Catena, Amanda M. (2009-05). Physiological Ageing as it is Related to Gene Function in the Lone Star Tick, Amblyomma americanum. Master's Thesis.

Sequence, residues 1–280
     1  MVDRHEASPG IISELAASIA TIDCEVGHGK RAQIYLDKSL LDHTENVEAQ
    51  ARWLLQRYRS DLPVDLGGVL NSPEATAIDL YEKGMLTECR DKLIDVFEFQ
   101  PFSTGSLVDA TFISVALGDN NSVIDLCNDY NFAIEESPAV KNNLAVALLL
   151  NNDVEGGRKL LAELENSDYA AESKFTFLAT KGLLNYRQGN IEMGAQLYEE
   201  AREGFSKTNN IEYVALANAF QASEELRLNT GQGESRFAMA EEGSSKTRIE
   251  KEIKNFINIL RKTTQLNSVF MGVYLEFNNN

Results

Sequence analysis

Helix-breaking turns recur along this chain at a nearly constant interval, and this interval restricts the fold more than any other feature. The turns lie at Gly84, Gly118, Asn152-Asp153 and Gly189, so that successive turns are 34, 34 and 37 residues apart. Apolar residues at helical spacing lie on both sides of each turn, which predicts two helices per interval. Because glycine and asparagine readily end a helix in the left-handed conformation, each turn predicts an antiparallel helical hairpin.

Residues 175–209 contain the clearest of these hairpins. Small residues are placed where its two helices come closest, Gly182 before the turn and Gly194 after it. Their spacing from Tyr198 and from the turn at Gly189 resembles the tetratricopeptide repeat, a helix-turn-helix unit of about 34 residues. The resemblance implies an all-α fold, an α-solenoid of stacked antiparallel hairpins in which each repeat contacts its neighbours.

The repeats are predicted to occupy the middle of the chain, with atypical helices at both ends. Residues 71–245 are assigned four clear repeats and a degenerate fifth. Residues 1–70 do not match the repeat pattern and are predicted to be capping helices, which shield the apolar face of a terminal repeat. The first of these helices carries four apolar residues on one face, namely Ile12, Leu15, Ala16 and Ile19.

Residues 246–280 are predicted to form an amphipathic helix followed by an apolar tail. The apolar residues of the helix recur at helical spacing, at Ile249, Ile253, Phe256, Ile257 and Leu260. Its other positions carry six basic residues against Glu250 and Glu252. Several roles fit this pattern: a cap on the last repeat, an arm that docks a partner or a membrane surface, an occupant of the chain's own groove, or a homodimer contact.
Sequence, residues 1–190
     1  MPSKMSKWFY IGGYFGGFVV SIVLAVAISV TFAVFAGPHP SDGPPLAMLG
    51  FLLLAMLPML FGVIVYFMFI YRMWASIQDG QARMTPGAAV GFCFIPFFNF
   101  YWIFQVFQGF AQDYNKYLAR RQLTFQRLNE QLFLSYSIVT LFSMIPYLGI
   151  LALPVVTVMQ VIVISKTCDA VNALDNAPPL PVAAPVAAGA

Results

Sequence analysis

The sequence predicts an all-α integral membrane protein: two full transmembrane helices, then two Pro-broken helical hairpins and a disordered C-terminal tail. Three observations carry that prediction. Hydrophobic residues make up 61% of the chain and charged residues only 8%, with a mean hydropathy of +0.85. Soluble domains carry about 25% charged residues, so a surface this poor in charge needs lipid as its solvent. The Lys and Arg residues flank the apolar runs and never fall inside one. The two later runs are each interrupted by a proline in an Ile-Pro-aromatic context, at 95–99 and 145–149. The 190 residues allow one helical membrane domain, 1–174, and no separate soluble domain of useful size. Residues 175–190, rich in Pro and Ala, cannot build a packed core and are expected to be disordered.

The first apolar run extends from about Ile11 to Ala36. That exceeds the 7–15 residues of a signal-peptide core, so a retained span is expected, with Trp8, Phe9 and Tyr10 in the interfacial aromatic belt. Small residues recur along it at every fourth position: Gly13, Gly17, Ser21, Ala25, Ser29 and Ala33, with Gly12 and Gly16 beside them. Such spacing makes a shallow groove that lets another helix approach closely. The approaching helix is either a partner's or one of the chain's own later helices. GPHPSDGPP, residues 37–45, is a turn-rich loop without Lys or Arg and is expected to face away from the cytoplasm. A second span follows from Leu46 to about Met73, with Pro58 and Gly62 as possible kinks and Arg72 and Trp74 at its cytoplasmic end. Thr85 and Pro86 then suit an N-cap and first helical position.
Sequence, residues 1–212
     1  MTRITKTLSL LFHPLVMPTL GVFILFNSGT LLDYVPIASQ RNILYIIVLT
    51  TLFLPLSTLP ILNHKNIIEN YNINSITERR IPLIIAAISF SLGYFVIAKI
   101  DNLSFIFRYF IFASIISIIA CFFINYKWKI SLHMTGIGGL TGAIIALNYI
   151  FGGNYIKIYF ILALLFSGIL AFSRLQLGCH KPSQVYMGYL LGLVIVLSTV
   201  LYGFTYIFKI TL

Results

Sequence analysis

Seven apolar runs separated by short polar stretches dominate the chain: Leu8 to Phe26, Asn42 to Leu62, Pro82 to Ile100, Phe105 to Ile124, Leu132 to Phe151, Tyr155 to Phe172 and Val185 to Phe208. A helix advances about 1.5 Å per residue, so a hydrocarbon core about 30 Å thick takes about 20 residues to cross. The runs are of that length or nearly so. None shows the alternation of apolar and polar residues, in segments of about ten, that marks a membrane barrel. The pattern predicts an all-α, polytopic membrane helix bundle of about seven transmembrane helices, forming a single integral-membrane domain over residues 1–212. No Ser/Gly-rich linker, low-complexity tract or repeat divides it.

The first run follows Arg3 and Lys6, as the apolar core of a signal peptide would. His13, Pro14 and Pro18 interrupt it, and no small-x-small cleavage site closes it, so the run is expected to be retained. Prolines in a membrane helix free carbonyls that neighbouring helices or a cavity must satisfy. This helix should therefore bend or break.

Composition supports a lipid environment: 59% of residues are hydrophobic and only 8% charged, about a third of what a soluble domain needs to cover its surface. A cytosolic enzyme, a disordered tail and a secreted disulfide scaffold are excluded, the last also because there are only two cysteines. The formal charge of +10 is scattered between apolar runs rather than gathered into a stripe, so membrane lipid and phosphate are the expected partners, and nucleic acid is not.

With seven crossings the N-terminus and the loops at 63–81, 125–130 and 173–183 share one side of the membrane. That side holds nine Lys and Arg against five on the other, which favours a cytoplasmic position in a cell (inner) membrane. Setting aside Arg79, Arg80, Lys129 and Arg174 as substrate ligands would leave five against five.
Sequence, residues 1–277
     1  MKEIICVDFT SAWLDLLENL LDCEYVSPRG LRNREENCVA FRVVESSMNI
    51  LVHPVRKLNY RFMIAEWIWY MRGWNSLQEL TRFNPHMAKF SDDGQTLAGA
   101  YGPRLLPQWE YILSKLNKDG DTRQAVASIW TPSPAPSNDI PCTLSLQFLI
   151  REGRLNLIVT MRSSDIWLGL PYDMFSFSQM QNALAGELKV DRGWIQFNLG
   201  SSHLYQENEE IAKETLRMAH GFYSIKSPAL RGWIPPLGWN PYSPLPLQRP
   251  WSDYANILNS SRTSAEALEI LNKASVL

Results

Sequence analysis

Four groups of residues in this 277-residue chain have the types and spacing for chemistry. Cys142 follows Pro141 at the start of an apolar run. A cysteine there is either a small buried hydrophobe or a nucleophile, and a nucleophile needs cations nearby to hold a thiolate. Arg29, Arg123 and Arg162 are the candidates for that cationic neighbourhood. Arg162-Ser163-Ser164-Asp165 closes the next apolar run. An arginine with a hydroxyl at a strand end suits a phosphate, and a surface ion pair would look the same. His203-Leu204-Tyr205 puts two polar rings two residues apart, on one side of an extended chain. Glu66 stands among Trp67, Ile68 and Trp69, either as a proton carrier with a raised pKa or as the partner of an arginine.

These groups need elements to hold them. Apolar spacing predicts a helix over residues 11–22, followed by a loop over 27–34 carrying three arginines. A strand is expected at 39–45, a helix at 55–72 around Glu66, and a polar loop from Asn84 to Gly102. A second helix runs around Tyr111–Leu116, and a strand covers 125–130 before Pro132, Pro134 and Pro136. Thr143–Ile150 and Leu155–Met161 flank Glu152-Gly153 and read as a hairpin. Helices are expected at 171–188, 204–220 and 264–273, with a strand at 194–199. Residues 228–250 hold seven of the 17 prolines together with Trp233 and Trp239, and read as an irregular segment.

With advances in molecular technology, the study of human ageing has turned to DNA for answers as to how humans age. Due to the size of the human genome and the longevity of humans, organisms with smaller genomes and shorter lifespans have frequently been the center of research studies in ageing. Studies of Drosophila melanogaster, Caenorhabditis elegans, yeast, and mice have uncovered specific genes that up and down regulate with age and stress. Research has yet to produce, however, results from an organism known for its longevity. Amblyomma americanum is an excellent candidate for this, as it can survive for years unfed. Two groups of 75 unfed adult A. americanum were monitored in a control environment of 85% relative humidity and an experimental environment designed to induce physiological stress at 75% relative humidity. Five ticks were tested for transcript abundance of five candidate ageing genes initially and at the 25th, 75th, and 95th percent mortality. These tests provided evidence that Amblyomma americanum undergoes changes in gene expression with age on a genetic level.